|“We in the software community are new to kanban, and it is easy to get a bit too enthusiastic, and unintentionally change the meaning of kanban when we discuss it.”
Henrik Mårtensson, Defining Kanba
Kanban is used by in both lean and agile software development methodologies. Henrik explains that the kanban boards filled with sticky notes used by software developers are work-in-progress (WIP) kanban cards.
Scott Miller says
Each sticker or card represents a task at a small level – design login screen, develop reservation stored procedure, test login (the smaller the task the better). The stickers/cards may also be agile user stories. In addition, there are usually columns for “To Do”, “Active”, “Failed Test”, and “Complete”. There may also be columns for the different teams that are touching the task.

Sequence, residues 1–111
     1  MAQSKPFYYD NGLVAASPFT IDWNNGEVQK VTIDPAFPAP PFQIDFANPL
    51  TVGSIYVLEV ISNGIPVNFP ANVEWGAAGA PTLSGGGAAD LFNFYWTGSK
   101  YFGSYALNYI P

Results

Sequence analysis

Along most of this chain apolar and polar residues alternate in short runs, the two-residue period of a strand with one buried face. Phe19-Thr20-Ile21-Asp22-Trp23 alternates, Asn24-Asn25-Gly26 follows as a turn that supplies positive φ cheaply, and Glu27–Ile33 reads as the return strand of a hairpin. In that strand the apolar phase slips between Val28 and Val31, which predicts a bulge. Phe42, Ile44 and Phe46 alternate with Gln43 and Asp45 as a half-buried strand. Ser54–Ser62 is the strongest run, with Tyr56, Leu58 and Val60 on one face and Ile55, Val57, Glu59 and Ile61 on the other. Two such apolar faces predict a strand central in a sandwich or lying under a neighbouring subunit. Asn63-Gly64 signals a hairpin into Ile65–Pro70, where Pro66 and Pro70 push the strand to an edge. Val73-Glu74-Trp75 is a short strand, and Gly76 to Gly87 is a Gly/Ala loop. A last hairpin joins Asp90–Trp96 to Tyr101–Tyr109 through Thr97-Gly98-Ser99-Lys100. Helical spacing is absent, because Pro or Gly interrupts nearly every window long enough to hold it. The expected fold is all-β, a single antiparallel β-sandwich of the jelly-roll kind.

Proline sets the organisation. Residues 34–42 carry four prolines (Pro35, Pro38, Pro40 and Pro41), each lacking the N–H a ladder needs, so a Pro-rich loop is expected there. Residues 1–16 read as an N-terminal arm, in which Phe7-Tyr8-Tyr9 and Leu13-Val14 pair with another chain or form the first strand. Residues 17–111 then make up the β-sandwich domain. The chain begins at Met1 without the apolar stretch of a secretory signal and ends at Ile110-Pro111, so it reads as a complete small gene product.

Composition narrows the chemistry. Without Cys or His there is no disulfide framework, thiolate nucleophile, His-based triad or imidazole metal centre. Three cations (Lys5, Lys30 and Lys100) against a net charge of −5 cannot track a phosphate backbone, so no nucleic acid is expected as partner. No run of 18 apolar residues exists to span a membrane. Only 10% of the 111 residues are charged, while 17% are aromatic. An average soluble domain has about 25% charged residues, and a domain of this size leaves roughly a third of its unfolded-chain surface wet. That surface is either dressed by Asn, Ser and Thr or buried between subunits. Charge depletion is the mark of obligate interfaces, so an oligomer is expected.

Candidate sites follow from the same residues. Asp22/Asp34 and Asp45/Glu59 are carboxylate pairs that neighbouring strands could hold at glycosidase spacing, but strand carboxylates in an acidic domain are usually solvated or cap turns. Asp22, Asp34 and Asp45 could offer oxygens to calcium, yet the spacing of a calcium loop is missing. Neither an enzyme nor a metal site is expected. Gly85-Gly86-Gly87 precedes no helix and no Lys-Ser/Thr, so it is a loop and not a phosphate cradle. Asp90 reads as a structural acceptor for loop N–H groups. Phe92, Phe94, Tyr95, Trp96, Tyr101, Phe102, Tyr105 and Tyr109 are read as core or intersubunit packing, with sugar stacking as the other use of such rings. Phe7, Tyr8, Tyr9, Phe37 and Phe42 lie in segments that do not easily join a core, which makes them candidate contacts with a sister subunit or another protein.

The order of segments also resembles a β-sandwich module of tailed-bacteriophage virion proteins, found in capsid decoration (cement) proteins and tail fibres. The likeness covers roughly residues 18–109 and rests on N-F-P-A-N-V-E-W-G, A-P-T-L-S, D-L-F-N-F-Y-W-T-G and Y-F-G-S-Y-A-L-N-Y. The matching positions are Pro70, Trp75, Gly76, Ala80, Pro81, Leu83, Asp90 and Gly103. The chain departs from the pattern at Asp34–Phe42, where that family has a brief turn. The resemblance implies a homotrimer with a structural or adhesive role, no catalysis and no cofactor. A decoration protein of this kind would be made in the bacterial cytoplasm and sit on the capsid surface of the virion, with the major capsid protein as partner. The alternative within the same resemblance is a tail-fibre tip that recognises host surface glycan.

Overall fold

The task is moved along from one column to the next and everyone on the team can see what the status is and what task is due next, without everyone needing a copy of Microsoft Project on their PC’s (not that there’s anything wrong with that…). This also empowers the development team to be a “pull” system. A developer can pull a card from the “To Do” column and work on it. The project manager can see what the status is at any moment.